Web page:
|Ride sharing platform Uber has been making inroads in Africa, particularly in South Africa, Nigeria, and Kenya. Though Uber has maintained its largely cashless service—fares are deducted from credit cards via mobile devices—in some cities, the company is trying to appeal to consumers who need or prefer to pay in cash. |
|The play's the thing?|
|Richard Primus makes a unique argument that the Broadway smash Hamilton, with its dramatic, multi-racial, musical retelling of the man behind the Federalist Papers, has a chance to influence the way we think about American identity. He wonders if the musical could even affect the future of constitutional law. “And how judges imagine the original meaning of the Constitution depends on their intuitions – half historical, half mythical – about the Founding narrative. If you can change the myth, you can change the Constitution.” |
|KJ Dell’antonia highlights a problem that has important implications for individual families, society overall, and the future talent pipeline: For too many working families, summer is an expensive burden that many cannot afford. The lack of affordable care and stimulating activity options means a widening achievement gap for kids in low income and working families. (More on this issue, and what it means for corporate America, in tomorrow’s raceAhead essay.) |
|New York Times|
|Back to you. What do you think of me?|
|This recent piece by Emma Seppala and Kim Cameron explores an important trend in management thinking – the idea that honesty in the workplace, particularly in difficult situations, is something that can be negotiated and codified. (They also introduce the term “front-stabbing,” which is bound to make every introvert tremble with horror.) “The movement toward radical frankness emerges out of the false assumption that having a supportive workplace is antithetical to honest, straightforward, no-nonsense feedback.” This conversation has interesting implications for those who do inclusion work, particularly in terms of retention.|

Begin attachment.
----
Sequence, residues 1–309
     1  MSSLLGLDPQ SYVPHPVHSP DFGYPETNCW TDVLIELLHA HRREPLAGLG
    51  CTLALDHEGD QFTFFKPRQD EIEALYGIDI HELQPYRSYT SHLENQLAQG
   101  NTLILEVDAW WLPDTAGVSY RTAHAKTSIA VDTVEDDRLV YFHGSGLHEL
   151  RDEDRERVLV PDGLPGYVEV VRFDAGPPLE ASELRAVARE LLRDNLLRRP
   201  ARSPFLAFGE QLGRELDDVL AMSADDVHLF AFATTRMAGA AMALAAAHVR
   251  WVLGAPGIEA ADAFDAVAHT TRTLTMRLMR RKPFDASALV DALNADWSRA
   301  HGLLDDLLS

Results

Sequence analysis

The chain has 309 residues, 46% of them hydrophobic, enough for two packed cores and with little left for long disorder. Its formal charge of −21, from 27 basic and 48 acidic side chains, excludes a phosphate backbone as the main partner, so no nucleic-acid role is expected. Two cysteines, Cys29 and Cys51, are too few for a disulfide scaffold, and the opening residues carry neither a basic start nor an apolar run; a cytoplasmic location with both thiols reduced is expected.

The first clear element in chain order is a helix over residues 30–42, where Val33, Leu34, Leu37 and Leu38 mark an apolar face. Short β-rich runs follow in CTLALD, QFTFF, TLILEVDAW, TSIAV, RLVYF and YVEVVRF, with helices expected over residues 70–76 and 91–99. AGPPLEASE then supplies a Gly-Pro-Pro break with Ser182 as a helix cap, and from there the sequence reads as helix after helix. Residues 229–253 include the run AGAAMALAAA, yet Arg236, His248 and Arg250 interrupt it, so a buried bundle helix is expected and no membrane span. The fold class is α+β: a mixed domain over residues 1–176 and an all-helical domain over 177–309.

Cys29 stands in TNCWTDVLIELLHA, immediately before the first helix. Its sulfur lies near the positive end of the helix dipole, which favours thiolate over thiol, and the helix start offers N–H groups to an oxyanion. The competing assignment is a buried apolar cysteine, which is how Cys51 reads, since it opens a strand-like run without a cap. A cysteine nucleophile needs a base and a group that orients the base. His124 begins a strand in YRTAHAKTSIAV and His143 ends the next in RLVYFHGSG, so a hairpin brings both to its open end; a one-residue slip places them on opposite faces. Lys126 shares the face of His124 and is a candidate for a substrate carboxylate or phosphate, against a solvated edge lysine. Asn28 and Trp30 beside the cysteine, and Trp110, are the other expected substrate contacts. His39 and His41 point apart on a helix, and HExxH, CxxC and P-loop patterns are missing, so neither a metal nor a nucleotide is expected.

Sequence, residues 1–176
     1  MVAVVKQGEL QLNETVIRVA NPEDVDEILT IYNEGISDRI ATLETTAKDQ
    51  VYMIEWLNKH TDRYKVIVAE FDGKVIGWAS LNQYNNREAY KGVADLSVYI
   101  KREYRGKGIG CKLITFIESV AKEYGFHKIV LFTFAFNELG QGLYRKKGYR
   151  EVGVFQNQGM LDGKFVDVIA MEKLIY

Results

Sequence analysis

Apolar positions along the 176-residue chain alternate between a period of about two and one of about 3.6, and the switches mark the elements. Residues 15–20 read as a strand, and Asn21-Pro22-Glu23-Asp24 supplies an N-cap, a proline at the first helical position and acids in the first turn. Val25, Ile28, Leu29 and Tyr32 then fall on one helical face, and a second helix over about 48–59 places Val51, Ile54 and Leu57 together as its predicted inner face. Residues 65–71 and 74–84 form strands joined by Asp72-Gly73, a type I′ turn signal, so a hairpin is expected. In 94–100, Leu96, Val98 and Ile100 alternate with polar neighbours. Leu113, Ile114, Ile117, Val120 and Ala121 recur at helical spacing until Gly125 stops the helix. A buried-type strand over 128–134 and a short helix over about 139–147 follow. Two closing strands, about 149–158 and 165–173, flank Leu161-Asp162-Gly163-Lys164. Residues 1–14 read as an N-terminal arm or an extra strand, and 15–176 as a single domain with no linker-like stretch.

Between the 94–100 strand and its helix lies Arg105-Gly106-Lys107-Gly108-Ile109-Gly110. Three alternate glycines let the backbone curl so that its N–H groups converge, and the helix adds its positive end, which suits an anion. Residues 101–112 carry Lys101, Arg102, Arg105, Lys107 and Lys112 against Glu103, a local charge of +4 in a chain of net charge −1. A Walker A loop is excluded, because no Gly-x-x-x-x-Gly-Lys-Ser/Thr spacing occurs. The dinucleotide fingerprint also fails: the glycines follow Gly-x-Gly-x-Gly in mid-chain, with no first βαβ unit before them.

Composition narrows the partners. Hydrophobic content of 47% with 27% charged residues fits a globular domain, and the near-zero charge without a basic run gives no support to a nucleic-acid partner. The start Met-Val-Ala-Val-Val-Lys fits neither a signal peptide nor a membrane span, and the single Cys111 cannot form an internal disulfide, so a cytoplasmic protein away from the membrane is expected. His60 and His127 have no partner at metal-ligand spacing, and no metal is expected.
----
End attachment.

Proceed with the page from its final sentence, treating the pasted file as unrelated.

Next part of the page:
The Woke Leader
|“I didn’t take inventory of my black girl trauma until I became a mother.” Writer Kelly Harris D uses words and images in remarkable ways as she shares the story of her family—interwoven with the story of race and violence—with her young daughter and, by extension, all of us. Part oral history, part love letter, and part cathartic retelling of current events, Harris shares her deepest fears for her child.|
|Another pipeline problem.|
|Ozy interviews Eddy Zheng, an Open Society Soros Justice Fellow and the subject of a new documentary, Breathin’: The Eddy Zheng Story. The film focuses on the troubling fact that the number of Asian and Pacific Islanders in prison has nearly doubled in the past decade. Zheng calls it the school-to-prison-to-deportation pipeline. “We usually hear about the school-to-prison pipeline, and how lack of investment in education leads to mass incarceration. For many in the immigrant population, it extends beyond this,” he said. “Often when people are relocated to the U.S., they’re living in poverty- and violence-stricken areas. Instead of being the victims, some people turn themselves into the perpetrators as a way to survive.”|
|On small massacres and tender mercies.|
|After the shooting death of UCLA Professor William Klug last week, U.S. Poet Laureate (and UCLA alum) Juan Felipe Herrera did what poets do—he took the pain, fear, and fatigue, and turned it into art.|
|—raceAhead is edited by Scott Olster |